I finished reading this book a short time ago and, on the whole, found it to be engaging and informative. Largely told through the combat service stories of 4 U.S. Marines (Private First Class Sidney Phillips; Lieutenant Colonel Austin Shofner; Gunny Sergeant John Basilone, a Medal of Honor recipient in recognition of his bravery in repelling a savage Japanese attack on Guadalcanal; and Private Eugene Sledge) and 1 naval aviator (Vernon Micheel), “The Pacific” sets out to show the Pacific War for what it was: a largely American undertaking. The reader is made aware of the devotion to duty displayed by soldiers, sailors, and Marines and the heavy sacrifices they sustained through 4 years of a war of unremitting savagery.
Unlike most of their German allies, who, when pressed in battle against superior numbers and firepower, would often surrender, the Japanese generally preferred to fight to the death in keeping with their warrior code of Bushido. Furthermore, the Japanese were notorious for their brutal treatment of Allied POWs, as Lieutenant Colonel Shofner’s story attests. (Shofner, who fought as a junior officer in the defense of the Philippines in 1941 and was captured after the fall of Corregidor in May 1942, later escaped and rejoined the Marines in time to take part in the Battles of Peleliu and Okinawa.)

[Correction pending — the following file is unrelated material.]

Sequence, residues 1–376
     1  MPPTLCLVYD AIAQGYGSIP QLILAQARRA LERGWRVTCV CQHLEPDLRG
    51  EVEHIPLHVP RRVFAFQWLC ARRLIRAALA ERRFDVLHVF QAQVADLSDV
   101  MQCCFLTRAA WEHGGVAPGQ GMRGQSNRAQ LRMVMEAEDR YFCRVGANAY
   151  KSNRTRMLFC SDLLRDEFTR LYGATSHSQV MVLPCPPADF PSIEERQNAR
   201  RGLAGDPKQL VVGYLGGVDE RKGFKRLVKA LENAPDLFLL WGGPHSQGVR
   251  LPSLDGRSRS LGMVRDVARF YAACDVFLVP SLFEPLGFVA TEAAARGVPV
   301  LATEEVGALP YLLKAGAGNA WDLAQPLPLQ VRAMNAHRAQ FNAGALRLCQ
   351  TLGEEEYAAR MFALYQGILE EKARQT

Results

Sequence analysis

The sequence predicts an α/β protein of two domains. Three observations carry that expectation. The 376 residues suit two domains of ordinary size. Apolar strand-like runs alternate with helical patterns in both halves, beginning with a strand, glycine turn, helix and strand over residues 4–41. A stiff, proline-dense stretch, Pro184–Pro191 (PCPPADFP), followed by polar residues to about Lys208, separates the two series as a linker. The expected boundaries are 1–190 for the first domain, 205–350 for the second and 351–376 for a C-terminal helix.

This book is ideal for any reader who is seeking a general knowledge of what the Pacific War was like on a human level.